How Colorado Republicans transformed from “Never Trump” to Donald Trump loyalists in four years
The GOP convention this week complete’s Colorado’s evolution after making history in 2016 with its opposition to Donald Trump’s nomination
Colorado’s delegates to the 2016 Republican National Convention led a last-minute insurrection designed to prevent Donald Trump from securing the party’s nomination.
They called themselves “Never Trumpers” and staged a walkout on the convention floor in Cleveland.
Now, four years later, many of those anti-Trump delegates are among his fiercest supporters.
“We didn’t know how things would turn out four years ago,” said Andy Jones, a 2020 delegate for Trump who opposed his nomination in 2016. “This president has not disappointed. … I couldn’t be more thrilled.”
“I had it all wrong,” said Don Olmstead, another delegate from Colorado who vowed not to vote for the Republican nominee in 2016 because Trump didn’t have “any core principles.”
The turnabout in Colorado reflects the shift in national Republican sentiment after Trump’s takeover transformed the party into a one-man show and drew legions of unequivocal supporters. A series of recent polls show about 80% of Colorado Republicans approve of the president, an increase from 2016. And the change is evident at the top of the party.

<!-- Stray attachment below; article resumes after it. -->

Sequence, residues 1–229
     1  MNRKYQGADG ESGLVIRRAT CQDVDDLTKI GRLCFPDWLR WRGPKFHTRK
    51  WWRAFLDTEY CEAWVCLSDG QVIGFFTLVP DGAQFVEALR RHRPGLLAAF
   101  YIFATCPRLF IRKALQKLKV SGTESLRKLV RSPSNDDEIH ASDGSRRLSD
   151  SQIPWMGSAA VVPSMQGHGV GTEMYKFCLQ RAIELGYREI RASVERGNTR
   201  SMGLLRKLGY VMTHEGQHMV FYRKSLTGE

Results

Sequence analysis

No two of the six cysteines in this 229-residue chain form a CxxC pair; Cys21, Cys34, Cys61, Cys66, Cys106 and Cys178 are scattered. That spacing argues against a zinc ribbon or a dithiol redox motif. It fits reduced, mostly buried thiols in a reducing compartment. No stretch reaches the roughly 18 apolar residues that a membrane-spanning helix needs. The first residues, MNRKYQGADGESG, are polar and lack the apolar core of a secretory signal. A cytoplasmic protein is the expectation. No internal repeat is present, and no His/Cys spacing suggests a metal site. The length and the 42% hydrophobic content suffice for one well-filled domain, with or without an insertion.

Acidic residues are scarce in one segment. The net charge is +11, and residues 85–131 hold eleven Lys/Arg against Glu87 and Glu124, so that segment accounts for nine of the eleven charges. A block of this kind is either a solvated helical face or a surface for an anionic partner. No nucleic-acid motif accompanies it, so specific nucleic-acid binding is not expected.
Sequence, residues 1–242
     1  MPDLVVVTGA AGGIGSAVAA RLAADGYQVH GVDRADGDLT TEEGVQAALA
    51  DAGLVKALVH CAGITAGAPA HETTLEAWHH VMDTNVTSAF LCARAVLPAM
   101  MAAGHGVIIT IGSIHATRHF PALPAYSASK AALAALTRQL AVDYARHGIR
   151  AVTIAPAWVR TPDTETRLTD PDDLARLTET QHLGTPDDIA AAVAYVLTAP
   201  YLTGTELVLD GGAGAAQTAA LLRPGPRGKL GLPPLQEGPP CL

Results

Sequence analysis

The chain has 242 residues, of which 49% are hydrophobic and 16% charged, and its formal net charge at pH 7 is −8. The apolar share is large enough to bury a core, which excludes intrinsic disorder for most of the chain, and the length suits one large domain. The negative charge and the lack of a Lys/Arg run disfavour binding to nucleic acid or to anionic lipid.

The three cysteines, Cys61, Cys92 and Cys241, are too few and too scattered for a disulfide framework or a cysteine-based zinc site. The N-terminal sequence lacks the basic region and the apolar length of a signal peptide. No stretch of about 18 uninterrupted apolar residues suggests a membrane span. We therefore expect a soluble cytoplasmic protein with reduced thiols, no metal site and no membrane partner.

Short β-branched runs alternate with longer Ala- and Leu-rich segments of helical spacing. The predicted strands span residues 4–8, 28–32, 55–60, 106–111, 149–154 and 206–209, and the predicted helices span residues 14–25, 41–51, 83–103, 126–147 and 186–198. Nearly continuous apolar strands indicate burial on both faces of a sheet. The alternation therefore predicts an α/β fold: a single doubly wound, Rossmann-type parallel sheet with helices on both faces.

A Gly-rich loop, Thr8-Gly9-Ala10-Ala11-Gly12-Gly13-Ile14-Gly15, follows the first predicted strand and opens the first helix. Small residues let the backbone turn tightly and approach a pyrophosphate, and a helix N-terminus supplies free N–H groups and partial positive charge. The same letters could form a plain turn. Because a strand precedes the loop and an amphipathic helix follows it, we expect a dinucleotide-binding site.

U.S. Rep. Ken Buck — who doubles as the Colorado Republican Party chairman — led the opposition in 2016 as a top supporter of U.S. Sen. Ted Cruz, who won all the state’s presidential delegates in the caucus. On the convention floor in Cleveland, Buck shouted “Objection!” in response to party rules that locked in Trump’s delegate support. Two days later, he told delegates to “suck it up” and support the party’s nominee.
At the scaled-back convention Monday in Charlotte, N.C., where Colorado sent six delegates, Buck cast the state’s 37 votes for Trump in a full-throated endorsement. “The past four years, President Trump and Vice President Pence have made America great again in the eyes of the world so now our friends respect us and our enemies fear us,” Buck said from the convention hall, reprising the campaign’s “Make America Great Again” slogan.
Like the state’s delegates from four years prior, Buck cited the president’s record of conservative judicial appointments, his response to the coronavirus pandemic, new trade deals and tax cuts as reasons to support his reelection.
The difference between Colorado’s delegates now and then didn’t register with him. “It didn’t feel weird to me this time because I’ve been supporting the president in Congress as much as I can, and I have been really supporting him as a state party chair as much as I can,” Buck said in an interview afterward.
To read the rest of the Colorado Sun article, click here.
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As the conversation is brought to the fore in the district’s school board race, Moffat County School District is already in the midst of active discussion about the possibility for a four-day school week.